I passed the TKGA booth (The Knitting Guild Association) and saw Arenda Holiday there. Arenda is very active in the guild, particularly the Master Knitters program, and responsible for raising the bar for knitters everywhere. If you see her knitting, you know what I mean. Here is her design she calls Winter. I think she said it was knitted at 12 stitches to the inch out of the same lovely silk wool yarn from RedFish Dyeworks that I used for my Sunnhordaland Set I blogged about several months ago.
After the show on Friday, I gathered my things to set up an exhibit of my litttle sweaters for the Teacher Meet and Greet. That was fun, talking with all sorts of people–former students as well as yarn shop owners who had never heard of my work.
It was a full day and I slept very well that night!
Tags: Barbara G. Walker
Thursday, I flew into Columbus, Ohio for my annual pilgrimage to TNNA–The National Needlearts Association. This is a show for the needle arts industry where manufacturers come together to show their wares to retailers (yarn shop owners). In addition, there are the designer and teacher contingencies, of which I am apart. We wander around on the immense show floor, showing our wares or teaching classes to yarn shop owners, and reaffirming friendships and acquaintences. It is a giant schmooze party in the best sense, because at the heart of it all, human connection is what makes it all work. I met up with friends for dinner on Thursday night, and talked about my slide presentation for the next day. As much as I have taught rooms full of students, I was pretty nervous about presenting my KAL program in front of yarn shop owners. For those of you who read my blog but not my newsletter, I have developed a series of workshops for yarn shop owners to teach, based on several of my gansey patterns, aided by my DVD. These classes span 10 to 12 weeks and I will Skype in to the class twice during the period. In its inaugural debut at Cornall Yarn Shop in Cornwall, NY, it met with great success and some of the knitters who completed their first gansey had never knitted sweaters before! Anyway, I digress!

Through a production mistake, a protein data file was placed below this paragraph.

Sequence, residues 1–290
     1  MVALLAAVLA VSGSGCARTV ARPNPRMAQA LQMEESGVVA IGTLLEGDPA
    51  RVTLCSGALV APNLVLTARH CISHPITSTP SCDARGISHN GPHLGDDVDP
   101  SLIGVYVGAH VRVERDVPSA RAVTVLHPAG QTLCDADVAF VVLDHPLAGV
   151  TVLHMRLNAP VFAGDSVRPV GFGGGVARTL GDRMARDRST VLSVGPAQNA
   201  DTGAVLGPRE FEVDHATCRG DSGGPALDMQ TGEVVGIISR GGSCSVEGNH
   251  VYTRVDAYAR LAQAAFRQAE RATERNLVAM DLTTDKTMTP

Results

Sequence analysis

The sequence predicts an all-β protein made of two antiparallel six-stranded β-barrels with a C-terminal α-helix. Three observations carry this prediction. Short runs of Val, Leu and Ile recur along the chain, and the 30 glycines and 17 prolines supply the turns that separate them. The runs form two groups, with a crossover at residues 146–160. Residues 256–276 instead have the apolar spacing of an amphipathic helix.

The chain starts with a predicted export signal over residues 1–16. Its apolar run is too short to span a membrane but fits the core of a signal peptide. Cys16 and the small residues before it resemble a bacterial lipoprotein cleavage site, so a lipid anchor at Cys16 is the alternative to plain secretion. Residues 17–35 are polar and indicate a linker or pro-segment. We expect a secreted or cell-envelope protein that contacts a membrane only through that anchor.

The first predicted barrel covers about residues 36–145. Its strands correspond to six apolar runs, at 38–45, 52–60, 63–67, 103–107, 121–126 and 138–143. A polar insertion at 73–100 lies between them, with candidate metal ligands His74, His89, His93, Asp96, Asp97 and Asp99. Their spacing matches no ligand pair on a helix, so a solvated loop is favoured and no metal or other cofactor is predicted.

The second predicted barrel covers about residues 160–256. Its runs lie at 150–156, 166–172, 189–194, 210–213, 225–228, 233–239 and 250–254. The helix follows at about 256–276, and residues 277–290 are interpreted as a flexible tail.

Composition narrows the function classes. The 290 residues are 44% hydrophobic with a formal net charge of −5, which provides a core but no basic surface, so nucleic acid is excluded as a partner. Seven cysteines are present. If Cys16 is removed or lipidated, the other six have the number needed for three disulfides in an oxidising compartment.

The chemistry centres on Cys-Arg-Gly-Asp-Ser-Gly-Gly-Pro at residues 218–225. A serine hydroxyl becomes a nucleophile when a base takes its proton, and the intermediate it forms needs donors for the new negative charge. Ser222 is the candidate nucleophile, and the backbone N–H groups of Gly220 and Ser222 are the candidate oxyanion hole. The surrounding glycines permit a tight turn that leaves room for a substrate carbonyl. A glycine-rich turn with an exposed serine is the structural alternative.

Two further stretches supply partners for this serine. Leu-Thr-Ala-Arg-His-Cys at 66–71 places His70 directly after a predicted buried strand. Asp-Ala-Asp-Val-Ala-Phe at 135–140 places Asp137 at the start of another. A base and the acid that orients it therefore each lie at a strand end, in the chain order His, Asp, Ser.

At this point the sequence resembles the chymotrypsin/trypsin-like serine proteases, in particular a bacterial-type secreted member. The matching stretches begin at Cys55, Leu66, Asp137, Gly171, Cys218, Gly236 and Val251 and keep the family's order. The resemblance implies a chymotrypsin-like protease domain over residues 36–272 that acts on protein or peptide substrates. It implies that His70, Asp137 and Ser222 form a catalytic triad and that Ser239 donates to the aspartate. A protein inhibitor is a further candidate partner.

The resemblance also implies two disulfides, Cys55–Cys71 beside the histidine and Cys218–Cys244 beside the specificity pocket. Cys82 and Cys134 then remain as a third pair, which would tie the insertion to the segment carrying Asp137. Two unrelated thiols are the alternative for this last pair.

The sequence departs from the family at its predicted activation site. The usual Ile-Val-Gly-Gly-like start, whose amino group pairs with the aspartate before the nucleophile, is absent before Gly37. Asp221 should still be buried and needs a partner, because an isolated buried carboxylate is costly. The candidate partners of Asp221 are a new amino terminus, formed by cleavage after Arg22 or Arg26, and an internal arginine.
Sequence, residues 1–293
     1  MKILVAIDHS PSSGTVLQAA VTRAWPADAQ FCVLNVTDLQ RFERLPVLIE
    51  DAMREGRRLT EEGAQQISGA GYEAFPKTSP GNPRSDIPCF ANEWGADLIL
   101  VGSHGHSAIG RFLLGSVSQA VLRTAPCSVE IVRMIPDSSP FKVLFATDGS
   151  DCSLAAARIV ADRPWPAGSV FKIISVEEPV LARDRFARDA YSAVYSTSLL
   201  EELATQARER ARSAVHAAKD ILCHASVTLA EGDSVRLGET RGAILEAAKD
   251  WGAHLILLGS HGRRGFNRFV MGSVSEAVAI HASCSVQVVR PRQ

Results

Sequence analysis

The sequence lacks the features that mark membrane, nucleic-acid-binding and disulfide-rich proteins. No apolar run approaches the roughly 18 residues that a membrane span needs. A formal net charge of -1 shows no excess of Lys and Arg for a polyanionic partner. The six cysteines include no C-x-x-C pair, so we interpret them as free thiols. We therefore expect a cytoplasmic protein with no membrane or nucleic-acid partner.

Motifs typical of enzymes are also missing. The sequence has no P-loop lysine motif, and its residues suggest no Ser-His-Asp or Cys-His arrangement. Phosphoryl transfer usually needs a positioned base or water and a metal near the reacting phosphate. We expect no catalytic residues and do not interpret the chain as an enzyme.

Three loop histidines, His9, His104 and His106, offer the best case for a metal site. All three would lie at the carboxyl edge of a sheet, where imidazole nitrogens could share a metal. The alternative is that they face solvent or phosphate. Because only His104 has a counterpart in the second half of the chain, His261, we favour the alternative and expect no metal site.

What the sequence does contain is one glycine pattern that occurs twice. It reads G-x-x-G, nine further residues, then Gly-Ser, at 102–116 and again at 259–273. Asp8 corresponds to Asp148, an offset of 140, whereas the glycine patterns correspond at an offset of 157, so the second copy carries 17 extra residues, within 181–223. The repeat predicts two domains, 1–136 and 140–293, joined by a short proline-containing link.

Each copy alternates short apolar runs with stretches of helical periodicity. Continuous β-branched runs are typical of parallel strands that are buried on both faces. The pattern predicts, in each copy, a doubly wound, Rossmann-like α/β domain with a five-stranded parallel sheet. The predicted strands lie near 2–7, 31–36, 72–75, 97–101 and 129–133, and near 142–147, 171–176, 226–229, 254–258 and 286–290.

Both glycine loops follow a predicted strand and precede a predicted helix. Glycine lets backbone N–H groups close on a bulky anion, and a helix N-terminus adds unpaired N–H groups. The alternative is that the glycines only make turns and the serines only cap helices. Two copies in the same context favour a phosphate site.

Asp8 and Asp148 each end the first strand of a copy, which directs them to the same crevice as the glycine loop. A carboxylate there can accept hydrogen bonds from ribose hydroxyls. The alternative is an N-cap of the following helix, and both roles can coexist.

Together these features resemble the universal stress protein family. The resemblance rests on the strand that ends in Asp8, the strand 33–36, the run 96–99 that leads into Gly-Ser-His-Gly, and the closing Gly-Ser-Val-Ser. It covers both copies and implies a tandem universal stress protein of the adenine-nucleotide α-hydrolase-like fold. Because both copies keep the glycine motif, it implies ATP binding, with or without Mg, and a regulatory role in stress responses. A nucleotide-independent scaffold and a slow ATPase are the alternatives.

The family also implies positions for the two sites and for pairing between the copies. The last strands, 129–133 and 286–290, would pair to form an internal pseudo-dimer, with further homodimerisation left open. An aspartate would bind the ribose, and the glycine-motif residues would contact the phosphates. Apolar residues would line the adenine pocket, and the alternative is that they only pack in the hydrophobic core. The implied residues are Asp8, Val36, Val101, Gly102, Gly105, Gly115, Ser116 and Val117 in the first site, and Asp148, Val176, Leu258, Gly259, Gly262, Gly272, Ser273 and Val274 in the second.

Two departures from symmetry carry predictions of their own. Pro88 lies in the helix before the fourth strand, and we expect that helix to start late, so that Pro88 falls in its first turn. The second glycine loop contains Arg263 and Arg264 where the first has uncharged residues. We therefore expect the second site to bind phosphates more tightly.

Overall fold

The Columbus Convention Center is enormous and is thankfully surrounded by all sorts of wonderful restaurants. So while I walked my tail off during the day, losing weight and gaining muscle, I gained it all back at night tasting all sorts of wonderful things. If you ever come to Columbus, don't miss Jenny's ice cream in the North Market! Friday morning at the ungodly hour of 8am (you know I am a tried and true night owl) I gave my slide presentation to my class of LYS owners. They were very interested and receptive and I felt really good about it! (I was so glad I had, as an afterthought a few days before, created a slide show by downloading KeyNote, learning the software, and making up a slide show, rather than just relying on my speaking.) My friend Gail who owns Cornwall Yarn Shop was there as well to give her perspective and give credence to the effectiveness of my program. After that, I helped set up the Up North Fiber Art Supply booth with Barb Catani who owns that business and distributes my DVD, book, and patterns. It is a lot of hard work, unpacking, arranging, hanging, re-arranging all the things that go into a booth. Before I started vending at Stitches in the '90s, I had no idea that people had to plan for and bring and set up FIXTURES, the stuff that displays everything. They can be very costly themselves, besides the cost of the booth, which can be exceed $1,000, the airfare, the hotel and meals (another $1,000). It is a huge risk to commit to a show, and success depends on garnering enough sales to cover all the costs and your time and the wholesale money you put out for your products, plus making MORE! If you don't make a profit you are not in business for long. It takes courage in an economy like this one to put out that money and effort. I registered and got my badge that would let me into the show, along with a map of the show floor. I spent the rest of the evening pouring over the map, planning who I would see and talk to and which booths I would investigate the following days.